Another way to demonstrate excitement for an organization is to actually participate in events. This may sound obvious, but it is an action that says more than words. Rachel Marchese is the president of Hillel, a Jewish organization at Kent State University, and she recommends that students, “Not only get involved but stay involved and be present. Go to as many of the organization’s events you can. The more passionate you are about an organization the better chances you will have in getting a leadership position.” If you show up to events and meetings, current leaders will take note of your involvement, which is important for future leadership opportunities.
Instill Confidence in Yourself and Others
Don’t doubt yourself. This is Ritika Mehta’s number one piece of advice for future leaders. As the president of both Teter Hutton Honors Council Association and the Honors College student government at Indiana University, she is already incredibly involved on campus. Ritika says, “Be confident in your abilities and get out of your comfort zone. I never imagined being a president of a club my freshman year of college, but I decided to put myself out there and was able to gain tremendous skills and experiences. Believe in yourself and abilities!”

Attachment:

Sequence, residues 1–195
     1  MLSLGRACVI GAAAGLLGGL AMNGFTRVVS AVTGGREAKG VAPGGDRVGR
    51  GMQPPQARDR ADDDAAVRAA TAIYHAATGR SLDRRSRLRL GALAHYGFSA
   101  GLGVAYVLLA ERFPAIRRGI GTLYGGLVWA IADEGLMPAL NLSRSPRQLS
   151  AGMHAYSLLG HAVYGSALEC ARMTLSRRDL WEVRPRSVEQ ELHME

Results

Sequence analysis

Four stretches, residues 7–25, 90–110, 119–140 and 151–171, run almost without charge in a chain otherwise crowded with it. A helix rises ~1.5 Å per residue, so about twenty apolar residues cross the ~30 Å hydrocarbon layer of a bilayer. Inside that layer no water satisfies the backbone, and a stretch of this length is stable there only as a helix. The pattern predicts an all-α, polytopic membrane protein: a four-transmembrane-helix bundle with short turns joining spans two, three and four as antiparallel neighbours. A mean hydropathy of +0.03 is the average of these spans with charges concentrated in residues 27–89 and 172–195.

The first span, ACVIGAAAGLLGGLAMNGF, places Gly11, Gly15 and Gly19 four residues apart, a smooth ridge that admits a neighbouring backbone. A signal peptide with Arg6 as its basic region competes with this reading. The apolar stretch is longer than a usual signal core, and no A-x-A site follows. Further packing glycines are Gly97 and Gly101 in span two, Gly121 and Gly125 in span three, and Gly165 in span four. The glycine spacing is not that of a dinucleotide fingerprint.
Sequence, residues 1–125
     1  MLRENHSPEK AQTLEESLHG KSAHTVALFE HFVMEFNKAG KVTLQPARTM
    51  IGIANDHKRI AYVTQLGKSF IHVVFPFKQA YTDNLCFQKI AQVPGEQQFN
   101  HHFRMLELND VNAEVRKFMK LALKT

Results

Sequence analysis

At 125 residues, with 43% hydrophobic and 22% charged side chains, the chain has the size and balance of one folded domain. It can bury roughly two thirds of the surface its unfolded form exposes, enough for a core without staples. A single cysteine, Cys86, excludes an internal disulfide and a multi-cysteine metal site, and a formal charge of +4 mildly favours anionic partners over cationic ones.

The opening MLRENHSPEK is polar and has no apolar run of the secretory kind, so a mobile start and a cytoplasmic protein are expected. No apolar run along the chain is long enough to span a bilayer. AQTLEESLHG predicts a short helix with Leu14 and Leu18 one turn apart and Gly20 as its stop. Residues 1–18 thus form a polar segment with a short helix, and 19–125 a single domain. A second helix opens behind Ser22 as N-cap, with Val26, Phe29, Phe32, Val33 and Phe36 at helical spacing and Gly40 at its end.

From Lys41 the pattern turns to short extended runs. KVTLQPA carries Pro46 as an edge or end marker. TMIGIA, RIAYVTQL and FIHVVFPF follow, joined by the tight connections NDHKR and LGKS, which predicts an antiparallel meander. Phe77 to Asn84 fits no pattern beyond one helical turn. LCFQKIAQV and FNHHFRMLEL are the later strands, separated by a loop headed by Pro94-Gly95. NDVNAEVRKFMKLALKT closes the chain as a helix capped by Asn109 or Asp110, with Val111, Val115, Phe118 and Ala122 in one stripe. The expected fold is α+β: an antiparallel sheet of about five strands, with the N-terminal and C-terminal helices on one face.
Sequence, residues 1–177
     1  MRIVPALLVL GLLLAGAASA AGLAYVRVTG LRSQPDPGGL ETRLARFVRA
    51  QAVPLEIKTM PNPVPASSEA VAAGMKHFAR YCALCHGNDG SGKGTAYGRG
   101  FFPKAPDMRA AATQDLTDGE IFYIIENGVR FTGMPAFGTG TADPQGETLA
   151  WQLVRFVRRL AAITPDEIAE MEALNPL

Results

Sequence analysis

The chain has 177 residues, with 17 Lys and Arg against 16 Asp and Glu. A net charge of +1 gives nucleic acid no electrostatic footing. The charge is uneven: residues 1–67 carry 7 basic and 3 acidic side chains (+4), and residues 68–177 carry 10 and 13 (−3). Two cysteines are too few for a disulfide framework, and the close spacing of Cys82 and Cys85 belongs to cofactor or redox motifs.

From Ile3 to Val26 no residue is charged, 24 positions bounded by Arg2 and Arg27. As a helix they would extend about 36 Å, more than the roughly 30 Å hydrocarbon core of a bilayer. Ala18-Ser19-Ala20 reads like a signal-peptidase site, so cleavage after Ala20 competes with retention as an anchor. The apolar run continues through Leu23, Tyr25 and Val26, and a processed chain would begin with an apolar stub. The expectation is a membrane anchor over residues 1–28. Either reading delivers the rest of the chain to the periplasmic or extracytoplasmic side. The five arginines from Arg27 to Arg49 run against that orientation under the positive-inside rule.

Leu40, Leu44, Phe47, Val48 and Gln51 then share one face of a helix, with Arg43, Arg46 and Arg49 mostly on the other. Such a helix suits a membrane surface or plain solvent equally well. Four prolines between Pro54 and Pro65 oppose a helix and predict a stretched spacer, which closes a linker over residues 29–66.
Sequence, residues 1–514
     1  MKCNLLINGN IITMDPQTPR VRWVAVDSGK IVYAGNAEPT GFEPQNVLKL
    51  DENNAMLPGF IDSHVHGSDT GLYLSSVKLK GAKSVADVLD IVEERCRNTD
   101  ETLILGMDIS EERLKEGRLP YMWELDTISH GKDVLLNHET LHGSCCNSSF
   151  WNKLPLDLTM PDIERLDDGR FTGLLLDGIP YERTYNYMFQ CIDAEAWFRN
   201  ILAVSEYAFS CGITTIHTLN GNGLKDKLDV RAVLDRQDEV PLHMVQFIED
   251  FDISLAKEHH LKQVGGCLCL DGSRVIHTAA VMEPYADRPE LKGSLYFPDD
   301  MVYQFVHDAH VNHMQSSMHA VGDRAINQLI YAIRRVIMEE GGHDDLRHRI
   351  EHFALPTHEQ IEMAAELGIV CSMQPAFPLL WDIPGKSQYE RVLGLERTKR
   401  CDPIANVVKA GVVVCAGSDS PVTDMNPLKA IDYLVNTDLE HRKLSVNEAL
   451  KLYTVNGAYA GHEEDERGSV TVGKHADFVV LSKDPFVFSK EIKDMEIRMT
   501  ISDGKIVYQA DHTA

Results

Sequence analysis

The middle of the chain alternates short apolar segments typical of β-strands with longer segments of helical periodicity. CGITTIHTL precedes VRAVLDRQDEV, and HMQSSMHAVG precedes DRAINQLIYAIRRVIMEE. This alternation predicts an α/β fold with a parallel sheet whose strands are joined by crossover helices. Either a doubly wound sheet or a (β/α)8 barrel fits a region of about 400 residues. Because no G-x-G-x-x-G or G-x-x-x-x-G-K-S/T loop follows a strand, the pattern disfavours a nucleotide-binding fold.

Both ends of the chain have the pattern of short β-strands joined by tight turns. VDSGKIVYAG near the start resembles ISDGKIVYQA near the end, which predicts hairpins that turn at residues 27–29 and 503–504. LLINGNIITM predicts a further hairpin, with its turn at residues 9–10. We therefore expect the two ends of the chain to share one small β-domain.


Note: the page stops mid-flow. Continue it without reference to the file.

Caring about others also says a lot about your own character. Hayley Coughlin is the co-president of the Fordham Fashion Sustainability Practicum. One of the most valuable lessons she obtained from her leadership experience was to be supportive. Hayley says, “I have learned how to listen to my members in order to help them accomplish their goals. I consistently encouraged feedback regarding my leadership techniques from my practicum’s members so that I can help them do their jobs efficiently, and it paid off with all we were able to accomplish this semester.” Leaders would be nothing without their team, so surround yourself with supportive people and foster an environment for self-improvement and development.
Not sure which clubs to join? Check out these organizations that will help build your résumé and help you start developing leadership skills of your own.
Opening image by Isabelle Hahn.